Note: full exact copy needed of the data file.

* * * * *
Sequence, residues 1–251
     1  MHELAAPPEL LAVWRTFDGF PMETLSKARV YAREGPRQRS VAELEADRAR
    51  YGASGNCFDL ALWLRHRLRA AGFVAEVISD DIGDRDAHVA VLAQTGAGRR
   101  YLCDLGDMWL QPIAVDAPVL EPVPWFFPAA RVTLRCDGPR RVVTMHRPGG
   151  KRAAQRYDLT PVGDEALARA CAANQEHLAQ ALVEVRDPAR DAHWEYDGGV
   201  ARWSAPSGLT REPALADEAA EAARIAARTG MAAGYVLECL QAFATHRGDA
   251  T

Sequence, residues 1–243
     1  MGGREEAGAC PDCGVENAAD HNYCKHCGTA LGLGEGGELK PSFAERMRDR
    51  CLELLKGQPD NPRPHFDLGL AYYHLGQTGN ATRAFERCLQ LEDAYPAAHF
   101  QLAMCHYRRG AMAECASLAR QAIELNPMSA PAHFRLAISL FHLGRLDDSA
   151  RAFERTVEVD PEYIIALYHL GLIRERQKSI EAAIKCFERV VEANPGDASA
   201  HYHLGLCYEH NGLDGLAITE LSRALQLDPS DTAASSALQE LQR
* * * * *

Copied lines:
Sequence, residues 1–251
     1  MHELAAPPEL LAVWRTFDGF PMETLSKARV YAREGPRQRS VAELEADRAR
    51  YGASGNCFDL ALWLRHRLRA AGFVAEVISD DIGDRDAHVA VLAQTGAGRR
   101  YLCDLGDMWL QPIAVDAPVL EPVPWFFPAA RVTLRCDGPR RVVTMHRPGG
   151  KRAAQRYDLT PVGDEALARA CAANQEHLAQ ALVEVRDPAR DAHWEYDGGV
   201  ARWSAPSGLT REPALADEAA EAARIAARTG MAAGYVLECL QAFATHRGDA
   251  T

Sequence, residues 1–243
     1  MGGREEAGAC PDCGVENAAD HNYCKHCGTA LGLGEGGELK PSFAERMRDR
    51  CLELLKGQPD NPRPHFDLGL AYYHLGQTGN ATRAFERCLQ LEDAYPAAHF
   101  QLAMCHYRRG AMAECASLAR QAIELNPMSA PAHFRLAISL FHLGRLDDSA
   151  RAFERTVEVD PEYIIALYHL GLIRERQKSI EAAIKCFERV VEANPGDASA
   201  HYHLGLCYEH NGLDGLAITE LSRALQLDPS DTAASSALQE LQR